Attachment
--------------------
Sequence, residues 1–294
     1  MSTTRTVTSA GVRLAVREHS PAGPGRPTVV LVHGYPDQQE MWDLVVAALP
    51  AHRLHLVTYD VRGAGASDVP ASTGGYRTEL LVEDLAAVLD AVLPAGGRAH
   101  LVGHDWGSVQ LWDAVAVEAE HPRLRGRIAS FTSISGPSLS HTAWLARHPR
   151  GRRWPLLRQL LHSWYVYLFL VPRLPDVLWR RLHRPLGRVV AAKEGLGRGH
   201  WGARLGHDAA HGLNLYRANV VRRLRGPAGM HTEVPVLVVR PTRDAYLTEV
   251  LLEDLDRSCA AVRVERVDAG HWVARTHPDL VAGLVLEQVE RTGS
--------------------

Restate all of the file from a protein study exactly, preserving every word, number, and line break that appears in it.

Sequence, residues 1–294
     1  MSTTRTVTSA GVRLAVREHS PAGPGRPTVV LVHGYPDQQE MWDLVVAALP
    51  AHRLHLVTYD VRGAGASDVP ASTGGYRTEL LVEDLAAVLD AVLPAGGRAH
   101  LVGHDWGSVQ LWDAVAVEAE HPRLRGRIAS FTSISGPSLS HTAWLARHPR
   151  GRRWPLLRQL LHSWYVYLFL VPRLPDVLWR RLHRPLGRVV AAKEGLGRGH
   201  WGARLGHDAA HGLNLYRANV VRRLRGPAGM HTEVPVLVVR PTRDAYLTEV
   251  LLEDLDRSCA AVRVERVDAG HWVARTHPDL VAGLVLEQVE RTGS